Brain Pickings

Posts Tagged ‘letters’

15 DECEMBER, 2014

Being vs. Becoming: John Steinbeck on Creative Integrity, the Art of Changing Your Mind, the Humanistic Duty of the Artist

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“If I can’t do better I have slipped badly… I beat poverty for a good many years and I’ll be damned if I’ll go down at the first little whiff of success.”

The fact that we humans have such a notoriously hard time changing our minds undoubtedly has to do with the notion that “human beings are works in progress that mistakenly think they’re finished,” which belies the great robbery of the human experience — by calling ourselves beings, we deny our ever-unfolding becomings. Only in childhood are we afforded the luxury of inhabiting our becoming, but once forced to figure out who we want to be in life, most of us are so anxious about planting that stake of being that we bury the alive, active process of our becoming. In our rush to arrive at who we want to be, we flee from the ceaseless mystery of our becoming.

To show up wholeheartedly for our becoming requires doing one of the hardest things in life — allow the possibility of being wrong and incur the anguish of admitting that error. It requires that we grieve every earlier version of ourselves and endure the implicit accusation that if the way we do a certain thing now is better than before, then the way we did it before is not only worse but possibly — and this is invariably crushing — even wrong. The uncomfortable luxury of changing our mind is thus central to the courage of facing our becoming with our whole being.

This constant tussle could be especially difficult for artists, who imbue their creative work with an enormous amount of their being at the point of creation but must also include it in the ongoing record of their becoming. Hardly any figure in creative history has faced that anguishing moment of changing one’s mind for the sake of creative integrity, and faced it publicly, with more courage than John Steinbeck.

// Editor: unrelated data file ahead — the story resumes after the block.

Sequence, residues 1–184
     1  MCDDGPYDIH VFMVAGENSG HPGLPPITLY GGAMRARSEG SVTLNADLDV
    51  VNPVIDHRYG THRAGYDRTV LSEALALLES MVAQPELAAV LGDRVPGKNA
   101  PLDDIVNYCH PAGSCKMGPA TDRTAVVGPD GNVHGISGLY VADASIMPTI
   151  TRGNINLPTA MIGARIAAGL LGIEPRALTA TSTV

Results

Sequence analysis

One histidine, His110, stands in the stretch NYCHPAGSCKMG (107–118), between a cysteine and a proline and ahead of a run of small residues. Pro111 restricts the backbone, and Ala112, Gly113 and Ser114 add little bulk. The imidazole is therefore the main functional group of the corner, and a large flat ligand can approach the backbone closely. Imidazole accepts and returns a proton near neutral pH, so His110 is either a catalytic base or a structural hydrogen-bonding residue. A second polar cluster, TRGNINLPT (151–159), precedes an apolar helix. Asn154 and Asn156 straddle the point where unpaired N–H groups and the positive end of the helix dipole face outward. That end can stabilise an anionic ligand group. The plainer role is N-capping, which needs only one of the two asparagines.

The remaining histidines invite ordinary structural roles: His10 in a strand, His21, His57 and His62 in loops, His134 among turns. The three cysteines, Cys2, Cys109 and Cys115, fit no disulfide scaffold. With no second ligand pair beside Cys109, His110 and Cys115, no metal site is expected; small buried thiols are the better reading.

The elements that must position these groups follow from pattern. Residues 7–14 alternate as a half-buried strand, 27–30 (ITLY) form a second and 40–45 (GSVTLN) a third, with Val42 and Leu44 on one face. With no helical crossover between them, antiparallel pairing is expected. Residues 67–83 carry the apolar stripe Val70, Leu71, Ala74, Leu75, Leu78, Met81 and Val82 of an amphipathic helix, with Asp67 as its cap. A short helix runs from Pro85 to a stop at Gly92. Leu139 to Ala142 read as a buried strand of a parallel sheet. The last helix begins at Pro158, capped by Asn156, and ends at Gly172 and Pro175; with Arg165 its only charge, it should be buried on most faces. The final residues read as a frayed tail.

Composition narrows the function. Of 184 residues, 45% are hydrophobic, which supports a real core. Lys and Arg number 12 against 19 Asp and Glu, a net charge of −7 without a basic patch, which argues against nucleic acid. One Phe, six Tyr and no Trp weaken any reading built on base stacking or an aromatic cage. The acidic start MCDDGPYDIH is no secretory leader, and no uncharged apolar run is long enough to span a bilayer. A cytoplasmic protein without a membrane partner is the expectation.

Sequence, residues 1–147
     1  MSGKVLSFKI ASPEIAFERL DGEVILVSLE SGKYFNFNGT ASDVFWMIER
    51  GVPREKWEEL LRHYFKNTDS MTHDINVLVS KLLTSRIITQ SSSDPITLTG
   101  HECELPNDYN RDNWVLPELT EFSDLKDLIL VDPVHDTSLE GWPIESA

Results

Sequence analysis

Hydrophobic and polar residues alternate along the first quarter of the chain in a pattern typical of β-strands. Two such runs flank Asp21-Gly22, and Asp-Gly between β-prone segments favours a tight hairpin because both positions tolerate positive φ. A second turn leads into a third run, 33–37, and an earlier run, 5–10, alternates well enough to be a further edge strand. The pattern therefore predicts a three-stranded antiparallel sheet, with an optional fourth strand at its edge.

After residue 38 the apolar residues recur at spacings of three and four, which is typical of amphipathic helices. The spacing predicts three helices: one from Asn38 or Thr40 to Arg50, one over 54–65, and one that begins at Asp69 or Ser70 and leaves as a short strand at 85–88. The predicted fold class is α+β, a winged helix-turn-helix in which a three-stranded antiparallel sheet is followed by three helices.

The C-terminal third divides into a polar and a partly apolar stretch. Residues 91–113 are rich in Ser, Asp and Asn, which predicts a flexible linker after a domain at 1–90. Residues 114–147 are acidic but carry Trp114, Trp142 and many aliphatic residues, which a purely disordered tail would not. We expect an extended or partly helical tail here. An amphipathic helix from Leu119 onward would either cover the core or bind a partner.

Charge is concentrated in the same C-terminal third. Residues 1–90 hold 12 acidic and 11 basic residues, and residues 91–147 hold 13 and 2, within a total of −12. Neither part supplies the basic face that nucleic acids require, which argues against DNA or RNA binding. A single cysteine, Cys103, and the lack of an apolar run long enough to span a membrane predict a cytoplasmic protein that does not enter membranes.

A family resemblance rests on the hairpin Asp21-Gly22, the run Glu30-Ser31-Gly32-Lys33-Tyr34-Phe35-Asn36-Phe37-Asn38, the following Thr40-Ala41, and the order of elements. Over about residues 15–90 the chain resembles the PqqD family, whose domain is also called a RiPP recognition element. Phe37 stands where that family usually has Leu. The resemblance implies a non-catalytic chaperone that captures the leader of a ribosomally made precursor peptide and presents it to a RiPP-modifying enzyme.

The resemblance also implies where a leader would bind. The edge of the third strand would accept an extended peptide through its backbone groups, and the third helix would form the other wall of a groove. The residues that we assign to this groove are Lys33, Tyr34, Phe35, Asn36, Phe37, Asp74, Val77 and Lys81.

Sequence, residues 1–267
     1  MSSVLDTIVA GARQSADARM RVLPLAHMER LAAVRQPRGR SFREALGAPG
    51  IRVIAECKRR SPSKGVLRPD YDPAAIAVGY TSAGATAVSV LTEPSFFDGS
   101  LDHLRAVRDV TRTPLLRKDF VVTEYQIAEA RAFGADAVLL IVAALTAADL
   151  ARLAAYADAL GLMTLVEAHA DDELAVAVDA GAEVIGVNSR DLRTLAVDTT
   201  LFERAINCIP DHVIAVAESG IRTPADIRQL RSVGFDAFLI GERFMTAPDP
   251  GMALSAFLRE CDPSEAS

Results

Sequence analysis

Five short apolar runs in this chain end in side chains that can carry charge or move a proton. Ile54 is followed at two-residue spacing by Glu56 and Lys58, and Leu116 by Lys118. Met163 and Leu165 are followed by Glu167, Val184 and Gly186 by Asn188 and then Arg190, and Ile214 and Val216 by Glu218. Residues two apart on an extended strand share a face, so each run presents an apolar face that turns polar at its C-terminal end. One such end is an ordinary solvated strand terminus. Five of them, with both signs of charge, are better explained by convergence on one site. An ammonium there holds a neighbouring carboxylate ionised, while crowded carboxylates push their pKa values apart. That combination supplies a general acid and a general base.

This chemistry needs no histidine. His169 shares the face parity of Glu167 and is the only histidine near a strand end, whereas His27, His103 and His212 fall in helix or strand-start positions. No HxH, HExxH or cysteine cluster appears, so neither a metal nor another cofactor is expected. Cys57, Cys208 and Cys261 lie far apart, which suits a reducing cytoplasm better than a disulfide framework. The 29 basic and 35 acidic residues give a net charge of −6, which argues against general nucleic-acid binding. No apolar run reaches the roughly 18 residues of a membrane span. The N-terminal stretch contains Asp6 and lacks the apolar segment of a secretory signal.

In September of 1936 — more than a quarter century before he was awarded the Nobel Prize — 34-year old Steinbeck witnessed a gruesome clash between the migrant workers and growers in a lettuce strike in California. “There are riots in Salinas and killings in the streets of that dear little town where I was born,” he despaired in a letter to his friend George Albee. Deeply invested in the fate of the migrant workers — who were also suffering from massive floods, had no help from the government, and lived in conditions over which Steinbeck repeatedly expressed compassionate outrage in his letters — he began working on a manuscript titled L’Affaire Lettuceberg. But over the two years that followed, it unraveled into an angry and rather bitter satire of Salinas leadership. Steinbeck was very much of the conviction that, as E.B. White eloquently put it many years later, a writer should “lift people up, not lower them down.” And this text — a work of tearing down rather than building up — seemed to move young Steinbeck not closer but further away from the great champion of the human spirit he would one day become.